Frontotemporal Lobar Degeneration (FTLD): Updated Pathology and Co-Existing Neurodegenerative Phenomena in a Cohort of 52 Patients
Kelvin Au, Sandra Black, Juan Bilbao, Mario Masellis, Julia Keith. Sunnybrook Health Sciences Centre, Toronto, ON, Canada
Background: The pathological classification of FTLD has drastically changed in the past few years with identification of intracellular proteins implicated in the disease. Multiple neurodegenerative phenomena often co-exist at autopsy yet their role in the etiology of FTLD and their impact on clinical phenotype is poorly understood. Our goals were to examine CNS autopsy cases collected over the last 13 years with FTLD, update the pathological classification and document co-existing neurodegenerative phenomena.
Design: The archives at SHSC were searched for autopsy cases since 2000 with a diagnosis of FTLD who were assessed at the SHSC Cognitive Neurology Clinic (N = 52). The FTLD type and subtype were revised according to the recent FTLD classification scheme using the original autopsy slides and immunohistochemistry (IHC) for TDP43, p62, & tau (AT8). Cases were screened for co-existing Alzheimer's pathology (beta-amyloid and tau), Lewy bodies (alpha-synuclein), mesial temporal sclerosis (MTS), argyrophilic grains (tau), co-existing TDP-43 pathology, and cerebrovascular disease.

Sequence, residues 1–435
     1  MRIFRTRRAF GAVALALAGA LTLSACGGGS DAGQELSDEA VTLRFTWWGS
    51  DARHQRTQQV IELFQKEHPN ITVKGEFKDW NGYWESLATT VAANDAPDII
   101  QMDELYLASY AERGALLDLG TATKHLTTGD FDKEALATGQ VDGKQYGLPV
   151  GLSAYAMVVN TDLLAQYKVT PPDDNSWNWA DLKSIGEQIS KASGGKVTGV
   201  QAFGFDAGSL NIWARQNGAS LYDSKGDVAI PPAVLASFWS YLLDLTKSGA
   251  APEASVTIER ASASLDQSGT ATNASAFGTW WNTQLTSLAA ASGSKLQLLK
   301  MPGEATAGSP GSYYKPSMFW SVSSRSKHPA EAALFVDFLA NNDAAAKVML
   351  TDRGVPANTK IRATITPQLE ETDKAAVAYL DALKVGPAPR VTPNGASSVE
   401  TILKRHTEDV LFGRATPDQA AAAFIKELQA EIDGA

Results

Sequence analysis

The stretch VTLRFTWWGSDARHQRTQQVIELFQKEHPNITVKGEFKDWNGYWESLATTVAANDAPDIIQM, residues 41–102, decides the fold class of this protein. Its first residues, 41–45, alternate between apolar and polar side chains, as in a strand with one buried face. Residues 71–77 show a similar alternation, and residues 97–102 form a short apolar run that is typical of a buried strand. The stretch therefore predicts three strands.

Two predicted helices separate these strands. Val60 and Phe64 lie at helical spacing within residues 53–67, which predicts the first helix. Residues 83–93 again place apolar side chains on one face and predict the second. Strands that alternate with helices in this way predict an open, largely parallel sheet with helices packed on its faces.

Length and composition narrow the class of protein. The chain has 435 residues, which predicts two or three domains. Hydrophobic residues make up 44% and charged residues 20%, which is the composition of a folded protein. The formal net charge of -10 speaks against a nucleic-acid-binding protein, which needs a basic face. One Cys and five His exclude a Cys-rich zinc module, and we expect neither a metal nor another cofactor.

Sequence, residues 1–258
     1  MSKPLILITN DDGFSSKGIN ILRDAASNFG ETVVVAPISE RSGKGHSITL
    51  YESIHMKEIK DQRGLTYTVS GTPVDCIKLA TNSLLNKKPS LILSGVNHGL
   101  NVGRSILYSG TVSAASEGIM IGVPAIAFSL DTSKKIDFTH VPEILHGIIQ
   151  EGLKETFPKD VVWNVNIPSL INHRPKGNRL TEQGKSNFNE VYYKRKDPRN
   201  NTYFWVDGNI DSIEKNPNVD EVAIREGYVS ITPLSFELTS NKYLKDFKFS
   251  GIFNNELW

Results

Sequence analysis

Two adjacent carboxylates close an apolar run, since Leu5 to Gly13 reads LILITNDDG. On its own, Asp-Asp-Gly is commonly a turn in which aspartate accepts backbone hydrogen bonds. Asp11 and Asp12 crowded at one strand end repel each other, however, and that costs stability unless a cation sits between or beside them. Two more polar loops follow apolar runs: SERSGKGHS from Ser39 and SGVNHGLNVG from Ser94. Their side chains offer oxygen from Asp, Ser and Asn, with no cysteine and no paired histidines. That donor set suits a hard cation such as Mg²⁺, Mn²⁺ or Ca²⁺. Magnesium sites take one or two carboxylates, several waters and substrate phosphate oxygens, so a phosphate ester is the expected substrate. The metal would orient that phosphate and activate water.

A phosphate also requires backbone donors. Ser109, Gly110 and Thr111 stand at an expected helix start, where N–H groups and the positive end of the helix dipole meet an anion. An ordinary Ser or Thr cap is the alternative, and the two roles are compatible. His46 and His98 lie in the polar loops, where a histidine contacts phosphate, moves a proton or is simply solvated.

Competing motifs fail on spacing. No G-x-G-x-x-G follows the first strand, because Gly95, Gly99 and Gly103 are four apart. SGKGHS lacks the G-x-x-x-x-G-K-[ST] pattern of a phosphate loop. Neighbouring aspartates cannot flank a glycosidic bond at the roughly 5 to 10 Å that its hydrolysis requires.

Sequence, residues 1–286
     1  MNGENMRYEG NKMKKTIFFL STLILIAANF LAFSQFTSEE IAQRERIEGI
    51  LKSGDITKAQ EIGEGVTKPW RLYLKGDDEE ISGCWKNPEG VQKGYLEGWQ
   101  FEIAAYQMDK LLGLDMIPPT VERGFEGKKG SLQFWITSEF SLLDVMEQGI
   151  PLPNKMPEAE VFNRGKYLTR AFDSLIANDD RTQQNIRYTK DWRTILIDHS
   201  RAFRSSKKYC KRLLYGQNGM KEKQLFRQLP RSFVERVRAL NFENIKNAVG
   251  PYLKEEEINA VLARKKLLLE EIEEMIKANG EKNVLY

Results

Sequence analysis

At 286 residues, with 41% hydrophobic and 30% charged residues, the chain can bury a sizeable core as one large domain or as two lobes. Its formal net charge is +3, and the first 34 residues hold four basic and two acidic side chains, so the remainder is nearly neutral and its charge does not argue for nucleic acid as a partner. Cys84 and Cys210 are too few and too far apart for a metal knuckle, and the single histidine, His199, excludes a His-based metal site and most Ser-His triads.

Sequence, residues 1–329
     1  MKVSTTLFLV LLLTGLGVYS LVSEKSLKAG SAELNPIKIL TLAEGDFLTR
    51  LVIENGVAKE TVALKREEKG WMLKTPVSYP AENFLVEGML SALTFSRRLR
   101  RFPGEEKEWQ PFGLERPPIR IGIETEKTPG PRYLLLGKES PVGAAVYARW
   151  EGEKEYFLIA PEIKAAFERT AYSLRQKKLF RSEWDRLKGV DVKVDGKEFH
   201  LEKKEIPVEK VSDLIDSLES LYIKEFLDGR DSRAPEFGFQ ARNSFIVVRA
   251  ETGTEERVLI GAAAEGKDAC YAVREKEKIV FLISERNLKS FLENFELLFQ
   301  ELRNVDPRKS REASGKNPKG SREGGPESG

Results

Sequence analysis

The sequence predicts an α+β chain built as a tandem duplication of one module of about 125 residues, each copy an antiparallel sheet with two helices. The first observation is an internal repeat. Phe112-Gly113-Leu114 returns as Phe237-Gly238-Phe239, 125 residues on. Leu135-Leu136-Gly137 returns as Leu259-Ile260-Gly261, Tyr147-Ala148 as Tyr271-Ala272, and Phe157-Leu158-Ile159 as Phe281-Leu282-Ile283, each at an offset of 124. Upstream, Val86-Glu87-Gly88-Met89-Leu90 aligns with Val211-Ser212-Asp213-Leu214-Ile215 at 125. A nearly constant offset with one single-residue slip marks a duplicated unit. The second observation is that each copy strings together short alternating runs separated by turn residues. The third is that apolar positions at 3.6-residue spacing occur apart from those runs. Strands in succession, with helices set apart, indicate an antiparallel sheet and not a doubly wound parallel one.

Results: 44% of our cases required revision to their diagnosis. The most common diagnosis was FTLD-tau (36/52 or 69%, with 16 cases of Progressive Supranuclear palsy, 10 Corticobasal Degeneration, 8 Pick's, and 1 each of Argyrophilic grain disease and Globular Glial Inclusions). 16/52 (31%) were FTLD-TDP (9 Mackenzie type 1, 3 each of Mackenzie type 2 & 3 & 1 c9orf72). Co-existing neurodegenerative phenomena were common in our cohort with less than a third of cases being pure FTLD. The most frequent was MTS (present in 42%, especially older patients and those with FTLD-TDP Mackenzie type 1), while significant Alzheimer's pathology was seen in 26%, Lewy bodies in 19%, and Argyrophilic grains in 13.5%.
Conclusions: The relative frequency of each FTLD pathologic subtype in our cohort is comparable to other autopsy series from dementia clinics, and the 44% of cases requiring re-classification in our series is reflective of the rapidly evolving understanding of these disorders. Our series reports abundant co-existing neurodegenerative phenomena, which have often been overlooked in these patients historically, and our next step is to correlate the co-existing neurodegenerative phenomena with clinical symptomatology to determine whether their presence alters the clinical phenotype of FTLD.
Wednesday, March 6, 2013 1:00 PM
Poster Session VI # 252, Wednesday Afternoon